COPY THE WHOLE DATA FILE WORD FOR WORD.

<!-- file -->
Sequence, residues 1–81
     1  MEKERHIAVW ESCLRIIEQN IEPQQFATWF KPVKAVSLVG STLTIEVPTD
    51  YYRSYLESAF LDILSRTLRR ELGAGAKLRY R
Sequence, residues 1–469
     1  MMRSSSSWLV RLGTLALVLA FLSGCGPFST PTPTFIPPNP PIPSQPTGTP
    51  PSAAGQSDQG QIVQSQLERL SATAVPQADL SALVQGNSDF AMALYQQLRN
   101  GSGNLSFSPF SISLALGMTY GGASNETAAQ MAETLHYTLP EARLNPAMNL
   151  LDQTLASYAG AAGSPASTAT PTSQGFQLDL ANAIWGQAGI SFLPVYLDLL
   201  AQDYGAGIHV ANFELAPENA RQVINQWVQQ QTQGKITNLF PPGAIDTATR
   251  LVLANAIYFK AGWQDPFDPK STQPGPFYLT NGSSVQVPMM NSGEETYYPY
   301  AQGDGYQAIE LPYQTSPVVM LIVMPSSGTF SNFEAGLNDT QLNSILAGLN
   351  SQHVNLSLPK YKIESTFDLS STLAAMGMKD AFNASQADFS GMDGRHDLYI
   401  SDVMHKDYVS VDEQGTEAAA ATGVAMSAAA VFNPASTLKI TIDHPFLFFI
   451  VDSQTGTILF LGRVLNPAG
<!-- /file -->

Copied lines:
Sequence, residues 1–81
     1  MEKERHIAVW ESCLRIIEQN IEPQQFATWF KPVKAVSLVG STLTIEVPTD
    51  YYRSYLESAF LDILSRTLRR ELGAGAKLRY R
Sequence, residues 1–469
     1  MMRSSSSWLV RLGTLALVLA FLSGCGPFST PTPTFIPPNP PIPSQPTGTP
    51  PSAAGQSDQG QIVQSQLERL SATAVPQADL SALVQGNSDF AMALYQQLRN
   101  GSGNLSFSPF SISLALGMTY GGASNETAAQ MAETLHYTLP EARLNPAMNL
   151  LDQTLASYAG AAGSPASTAT PTSQGFQLDL ANAIWGQAGI SFLPVYLDLL
   201  AQDYGAGIHV ANFELAPENA RQVINQWVQQ QTQGKITNLF PPGAIDTATR
   251  LVLANAIYFK AGWQDPFDPK STQPGPFYLT NGSSVQVPMM NSGEETYYPY
   301  AQGDGYQAIE LPYQTSPVVM LIVMPSSGTF SNFEAGLNDT QLNSILAGLN
   351  SQHVNLSLPK YKIESTFDLS STLAAMGMKD AFNASQADFS GMDGRHDLYI
   401  SDVMHKDYVS VDEQGTEAAA ATGVAMSAAA VFNPASTLKI TIDHPFLFFI
   451  VDSQTGTILF LGRVLNPAG